In order to prevent reverse swinging of valve door 28 as urged by tension spring 32, a latching means 72 is provided which is urged into latching position by the hard bag handle 12 pivotally moving forwardly to upper, stored position as dictated by a hard bag pivot 73 FIG. 1) formed by its trundling arrangement (not shown). The tab 46, extending forwardly from hard bag trunnion portion 71 of hard bag handle 12, actuates a latching lever 76 to provide this action.
Latching lever 76 is pivotally mounted intermediate its ends by a transversely extending pintle 78 disposed in a cradle piece 80. The cradle piece has two pairs of upstanding arms 82, 82 (only one pair shown) which are transversely spaced to receive the opposite ends of the pintle 78. The cradle piece 80 is fixedly attached to the main nozzle body to positively locate it and the pintle 78 is positively located in it by an inwardly disposed, depending post 84 on duct cap 56.
Latching lever 76 includes adjacent its forward end an offset portion 86 that provides a latching nose 88 which is engageable in a rearward latching notch 90 in valve cam link 34 when the latching lever 76 is pivoted to this position with the valve door 28 in converted position. To prevent inadvertent latching, a compression spring 92, acting between the bottom casting 60 of the main nozzle body 14 and the rearward end of latching lever 76 always urges latching lever 76 into an unlatched, clockwise condition (FIG. 2 or 3) pivoted away from engagement of its latching nose with latching notch 90 of valve cam link 34. An integral rib 94 on this end of latching lever 76 strengthens its cantilever extent.
In order to swing latching lever 76 against the action of its compression spring 92, into latching position, a contacting pivoted urging tab 96 is pivotally mounted to a conventional wheeled undercarriage or the like (partially shown dashed of the vacuum cleaner 10 by a pivot pin 98. This pivot is disposed intermediate the tab ends. The contacting, pivoted urging tab 96 is disposed immediately above and aligned with the latching lever 76 so that counterclockwise pivoting of contacting tab 96 around pivot pin 98 causes it to abuttingly engage with a headed end 100 of rib 94 to thereby contact latching lever 76. This also urges it counterclockwise to place its nose 88 into position for latching.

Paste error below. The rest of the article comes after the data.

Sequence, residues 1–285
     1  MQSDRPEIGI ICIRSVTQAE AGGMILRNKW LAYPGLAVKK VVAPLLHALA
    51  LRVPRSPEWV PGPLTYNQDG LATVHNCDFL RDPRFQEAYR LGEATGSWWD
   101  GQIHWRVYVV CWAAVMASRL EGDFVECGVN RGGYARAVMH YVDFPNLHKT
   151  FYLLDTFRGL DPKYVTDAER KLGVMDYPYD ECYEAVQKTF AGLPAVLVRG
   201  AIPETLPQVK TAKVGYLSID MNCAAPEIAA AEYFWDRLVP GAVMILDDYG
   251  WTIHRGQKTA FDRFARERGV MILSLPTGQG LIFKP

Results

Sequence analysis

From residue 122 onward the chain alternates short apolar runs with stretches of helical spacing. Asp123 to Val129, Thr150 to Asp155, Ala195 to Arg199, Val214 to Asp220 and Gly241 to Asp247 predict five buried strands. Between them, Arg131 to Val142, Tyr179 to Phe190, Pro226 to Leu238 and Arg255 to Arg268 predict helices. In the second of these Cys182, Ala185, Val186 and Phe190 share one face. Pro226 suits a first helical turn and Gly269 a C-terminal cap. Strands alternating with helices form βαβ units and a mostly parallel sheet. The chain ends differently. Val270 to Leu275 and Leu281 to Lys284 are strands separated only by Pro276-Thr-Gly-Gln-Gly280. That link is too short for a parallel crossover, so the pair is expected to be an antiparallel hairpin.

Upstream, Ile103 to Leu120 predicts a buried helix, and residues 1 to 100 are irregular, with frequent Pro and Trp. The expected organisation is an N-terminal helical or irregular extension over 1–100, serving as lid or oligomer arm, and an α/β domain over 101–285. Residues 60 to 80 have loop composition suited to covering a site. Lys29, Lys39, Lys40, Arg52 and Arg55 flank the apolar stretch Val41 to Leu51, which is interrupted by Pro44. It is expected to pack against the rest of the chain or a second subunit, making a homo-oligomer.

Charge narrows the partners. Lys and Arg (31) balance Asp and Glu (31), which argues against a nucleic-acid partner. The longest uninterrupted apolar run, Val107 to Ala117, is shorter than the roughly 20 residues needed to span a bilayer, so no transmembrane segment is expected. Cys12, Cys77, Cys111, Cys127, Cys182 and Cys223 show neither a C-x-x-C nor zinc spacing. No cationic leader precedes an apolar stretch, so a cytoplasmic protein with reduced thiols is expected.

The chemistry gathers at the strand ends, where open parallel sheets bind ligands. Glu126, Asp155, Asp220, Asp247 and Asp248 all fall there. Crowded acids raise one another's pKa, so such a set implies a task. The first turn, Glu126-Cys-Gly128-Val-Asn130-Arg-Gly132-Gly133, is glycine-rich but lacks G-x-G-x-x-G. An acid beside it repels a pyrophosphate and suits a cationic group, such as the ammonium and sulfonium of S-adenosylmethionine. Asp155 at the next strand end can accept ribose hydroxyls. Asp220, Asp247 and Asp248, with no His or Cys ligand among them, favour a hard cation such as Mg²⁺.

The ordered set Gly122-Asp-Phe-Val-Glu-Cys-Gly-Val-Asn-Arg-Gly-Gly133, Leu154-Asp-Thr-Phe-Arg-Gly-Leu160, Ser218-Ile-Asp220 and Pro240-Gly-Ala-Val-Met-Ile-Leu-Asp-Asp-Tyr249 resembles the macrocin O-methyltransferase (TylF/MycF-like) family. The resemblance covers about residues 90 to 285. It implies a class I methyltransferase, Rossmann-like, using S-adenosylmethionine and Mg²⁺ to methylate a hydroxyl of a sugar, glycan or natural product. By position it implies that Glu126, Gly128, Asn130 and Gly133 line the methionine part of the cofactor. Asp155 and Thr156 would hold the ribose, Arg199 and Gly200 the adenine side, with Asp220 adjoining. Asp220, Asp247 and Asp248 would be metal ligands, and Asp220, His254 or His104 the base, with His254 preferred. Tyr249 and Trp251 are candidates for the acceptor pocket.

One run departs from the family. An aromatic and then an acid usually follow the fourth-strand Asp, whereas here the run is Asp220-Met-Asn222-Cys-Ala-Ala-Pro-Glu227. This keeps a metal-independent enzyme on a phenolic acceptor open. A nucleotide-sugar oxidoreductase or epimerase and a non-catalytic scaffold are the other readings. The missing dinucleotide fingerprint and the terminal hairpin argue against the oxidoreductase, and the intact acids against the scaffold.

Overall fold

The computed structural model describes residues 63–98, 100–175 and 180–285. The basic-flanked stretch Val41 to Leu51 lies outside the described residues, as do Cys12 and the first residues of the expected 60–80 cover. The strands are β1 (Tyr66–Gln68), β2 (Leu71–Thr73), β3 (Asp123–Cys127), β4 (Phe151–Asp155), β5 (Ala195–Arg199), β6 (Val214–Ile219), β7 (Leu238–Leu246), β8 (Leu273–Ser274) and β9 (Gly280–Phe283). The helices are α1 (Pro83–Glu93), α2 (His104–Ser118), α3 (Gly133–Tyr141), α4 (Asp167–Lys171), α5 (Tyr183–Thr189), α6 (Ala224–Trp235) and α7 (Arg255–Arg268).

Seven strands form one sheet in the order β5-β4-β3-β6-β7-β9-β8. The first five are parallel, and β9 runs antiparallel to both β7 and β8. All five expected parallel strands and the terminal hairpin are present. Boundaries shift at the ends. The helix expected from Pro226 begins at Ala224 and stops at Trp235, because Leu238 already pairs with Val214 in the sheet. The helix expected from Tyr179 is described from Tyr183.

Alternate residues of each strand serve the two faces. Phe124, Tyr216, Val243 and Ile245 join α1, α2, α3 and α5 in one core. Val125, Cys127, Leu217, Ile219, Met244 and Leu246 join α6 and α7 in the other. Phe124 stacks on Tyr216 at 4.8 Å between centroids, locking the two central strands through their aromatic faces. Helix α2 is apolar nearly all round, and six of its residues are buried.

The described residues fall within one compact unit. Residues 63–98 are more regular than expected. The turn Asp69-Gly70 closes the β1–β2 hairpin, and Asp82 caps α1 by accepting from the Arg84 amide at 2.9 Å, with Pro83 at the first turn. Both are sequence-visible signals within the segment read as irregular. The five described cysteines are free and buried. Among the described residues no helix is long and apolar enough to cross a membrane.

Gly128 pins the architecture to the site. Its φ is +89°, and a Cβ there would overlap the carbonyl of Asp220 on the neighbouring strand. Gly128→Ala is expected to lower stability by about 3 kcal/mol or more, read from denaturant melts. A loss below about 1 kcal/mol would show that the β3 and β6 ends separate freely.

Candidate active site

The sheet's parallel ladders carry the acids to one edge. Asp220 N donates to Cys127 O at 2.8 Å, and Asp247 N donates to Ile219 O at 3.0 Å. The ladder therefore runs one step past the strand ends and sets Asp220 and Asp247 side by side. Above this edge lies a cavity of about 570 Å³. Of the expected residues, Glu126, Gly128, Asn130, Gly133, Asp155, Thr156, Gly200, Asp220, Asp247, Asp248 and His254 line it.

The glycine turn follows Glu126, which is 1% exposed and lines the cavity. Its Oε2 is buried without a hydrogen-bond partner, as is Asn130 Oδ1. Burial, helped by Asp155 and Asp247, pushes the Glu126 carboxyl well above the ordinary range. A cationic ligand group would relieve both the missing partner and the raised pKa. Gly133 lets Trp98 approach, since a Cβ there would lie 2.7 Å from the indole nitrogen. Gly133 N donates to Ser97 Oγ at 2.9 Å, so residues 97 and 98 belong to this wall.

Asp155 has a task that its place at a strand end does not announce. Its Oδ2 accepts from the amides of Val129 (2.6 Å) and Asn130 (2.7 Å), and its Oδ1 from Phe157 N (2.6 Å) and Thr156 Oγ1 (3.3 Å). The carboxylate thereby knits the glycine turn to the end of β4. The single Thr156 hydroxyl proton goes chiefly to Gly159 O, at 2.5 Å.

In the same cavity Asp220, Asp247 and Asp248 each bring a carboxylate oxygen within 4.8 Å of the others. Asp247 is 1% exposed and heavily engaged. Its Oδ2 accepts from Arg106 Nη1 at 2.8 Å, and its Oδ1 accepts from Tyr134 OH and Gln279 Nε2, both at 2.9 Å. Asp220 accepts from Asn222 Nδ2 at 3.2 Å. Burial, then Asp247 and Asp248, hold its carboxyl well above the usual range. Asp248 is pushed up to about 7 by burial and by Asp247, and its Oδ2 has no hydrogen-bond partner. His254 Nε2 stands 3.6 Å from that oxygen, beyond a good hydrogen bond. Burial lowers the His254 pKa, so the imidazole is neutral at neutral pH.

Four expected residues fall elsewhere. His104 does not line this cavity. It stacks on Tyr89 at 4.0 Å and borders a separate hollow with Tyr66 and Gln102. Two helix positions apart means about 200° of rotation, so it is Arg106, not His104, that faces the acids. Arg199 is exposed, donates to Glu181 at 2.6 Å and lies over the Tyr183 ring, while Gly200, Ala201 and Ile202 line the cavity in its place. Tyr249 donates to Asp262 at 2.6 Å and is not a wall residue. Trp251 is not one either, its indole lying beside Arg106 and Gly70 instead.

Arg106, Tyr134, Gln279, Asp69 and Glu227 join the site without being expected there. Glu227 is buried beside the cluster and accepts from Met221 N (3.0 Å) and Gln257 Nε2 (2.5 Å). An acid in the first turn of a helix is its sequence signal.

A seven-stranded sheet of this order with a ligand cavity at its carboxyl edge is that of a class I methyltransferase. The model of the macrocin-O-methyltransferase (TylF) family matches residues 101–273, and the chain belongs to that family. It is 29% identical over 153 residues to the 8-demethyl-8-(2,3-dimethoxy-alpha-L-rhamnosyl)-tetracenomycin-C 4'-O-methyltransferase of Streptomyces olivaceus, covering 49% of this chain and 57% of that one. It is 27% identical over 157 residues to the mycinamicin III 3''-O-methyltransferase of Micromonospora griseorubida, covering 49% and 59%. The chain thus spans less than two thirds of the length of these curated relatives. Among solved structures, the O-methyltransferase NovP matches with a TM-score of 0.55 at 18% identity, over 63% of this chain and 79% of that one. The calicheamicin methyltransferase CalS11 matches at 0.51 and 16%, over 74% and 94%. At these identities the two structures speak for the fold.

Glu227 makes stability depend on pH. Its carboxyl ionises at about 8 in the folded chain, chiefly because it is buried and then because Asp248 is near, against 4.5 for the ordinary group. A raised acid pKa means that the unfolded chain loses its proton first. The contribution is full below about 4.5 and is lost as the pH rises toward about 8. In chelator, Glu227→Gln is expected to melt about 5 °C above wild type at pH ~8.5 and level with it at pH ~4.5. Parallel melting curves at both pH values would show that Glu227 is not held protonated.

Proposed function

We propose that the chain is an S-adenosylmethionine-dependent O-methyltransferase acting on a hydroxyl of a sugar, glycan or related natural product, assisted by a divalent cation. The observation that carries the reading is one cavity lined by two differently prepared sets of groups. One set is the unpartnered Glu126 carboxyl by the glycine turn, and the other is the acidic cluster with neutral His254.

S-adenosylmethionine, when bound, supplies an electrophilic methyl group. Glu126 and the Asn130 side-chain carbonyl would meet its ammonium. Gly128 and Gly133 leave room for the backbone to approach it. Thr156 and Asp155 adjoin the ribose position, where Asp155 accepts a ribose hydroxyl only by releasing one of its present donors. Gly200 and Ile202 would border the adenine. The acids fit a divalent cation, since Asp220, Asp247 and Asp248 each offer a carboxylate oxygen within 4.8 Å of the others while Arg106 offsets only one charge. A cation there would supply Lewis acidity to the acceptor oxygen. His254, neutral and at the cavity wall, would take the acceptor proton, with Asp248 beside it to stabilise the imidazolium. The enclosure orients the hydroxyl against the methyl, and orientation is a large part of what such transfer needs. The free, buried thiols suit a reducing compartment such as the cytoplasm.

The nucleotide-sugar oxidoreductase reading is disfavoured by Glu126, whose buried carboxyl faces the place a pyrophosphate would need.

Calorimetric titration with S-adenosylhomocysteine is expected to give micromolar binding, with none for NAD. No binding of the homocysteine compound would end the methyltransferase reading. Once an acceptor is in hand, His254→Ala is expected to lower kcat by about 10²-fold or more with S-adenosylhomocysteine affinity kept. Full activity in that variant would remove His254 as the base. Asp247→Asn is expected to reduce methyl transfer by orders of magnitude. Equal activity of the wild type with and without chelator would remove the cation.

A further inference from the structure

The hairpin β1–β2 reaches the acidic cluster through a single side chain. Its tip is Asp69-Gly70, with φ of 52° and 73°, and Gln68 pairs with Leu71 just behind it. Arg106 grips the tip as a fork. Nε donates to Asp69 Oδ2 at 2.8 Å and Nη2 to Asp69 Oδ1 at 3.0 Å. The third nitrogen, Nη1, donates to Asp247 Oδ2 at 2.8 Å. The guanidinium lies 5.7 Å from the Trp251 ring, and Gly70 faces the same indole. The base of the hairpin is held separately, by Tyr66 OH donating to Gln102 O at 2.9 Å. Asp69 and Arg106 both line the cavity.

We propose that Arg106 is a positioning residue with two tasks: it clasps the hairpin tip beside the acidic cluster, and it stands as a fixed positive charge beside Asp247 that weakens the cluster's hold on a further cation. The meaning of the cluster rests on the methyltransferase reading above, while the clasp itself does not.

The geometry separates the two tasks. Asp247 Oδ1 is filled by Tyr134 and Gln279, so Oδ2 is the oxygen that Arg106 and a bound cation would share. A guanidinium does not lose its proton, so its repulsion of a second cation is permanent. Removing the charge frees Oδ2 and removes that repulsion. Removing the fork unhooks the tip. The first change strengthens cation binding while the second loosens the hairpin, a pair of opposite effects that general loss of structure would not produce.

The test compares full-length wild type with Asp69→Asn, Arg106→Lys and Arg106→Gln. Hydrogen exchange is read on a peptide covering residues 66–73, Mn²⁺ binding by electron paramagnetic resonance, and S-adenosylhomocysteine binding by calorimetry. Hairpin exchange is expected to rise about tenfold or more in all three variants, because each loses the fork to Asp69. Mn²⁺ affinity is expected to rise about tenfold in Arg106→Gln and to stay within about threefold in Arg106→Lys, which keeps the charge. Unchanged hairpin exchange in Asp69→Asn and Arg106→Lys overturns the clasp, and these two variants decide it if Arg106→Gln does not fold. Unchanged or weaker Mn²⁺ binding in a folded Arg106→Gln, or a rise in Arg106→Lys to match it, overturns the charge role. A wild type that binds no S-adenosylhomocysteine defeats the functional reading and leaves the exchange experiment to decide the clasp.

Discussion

This latching condition is then accomplished easily and positively by prior movement of the hard bag handle 12 into upper, storage (forward position) since the fixed tab 46 on it is also aligned with pivoted contacting tab 96. It abuttingly engages it during its forward, clockwise motion and thereby pivots it counterclockwise to provide positive engagement between latching nose 88 of latching lever 76 and latching notch 90 of valve cam link 34.
The counterclockwise swinging movement of pivoting contacting tab 96 also lifts main body 14 through nozzle hood 23 by contact by it with a nozzle hood post 103. This is accomplished by a forward, finger end 105 of pivoted contacting tab 96. By this arrangement, then, a positive latching condition is maintained while, at the same time, the main nozzle body 14 is raised to move its agitator (not shown) off the floor surface on which the vacuum cleaner 10 is situated.
The latching function just described may be obtained in a somewhat unwieldly manner from the user's standpoint by holding the conversion valve 30 closed against its spring and then manually moving the handle 12 to its upright latching position but, normally, the handle 12 is first placed in upright, stored position, and then conversion occasioned. In the normal case, however, the handle latching bar 42 must be overridden to place the unconverted valve 30 in converted, closed position, since the hard bag 12 is in its upper storage latching position.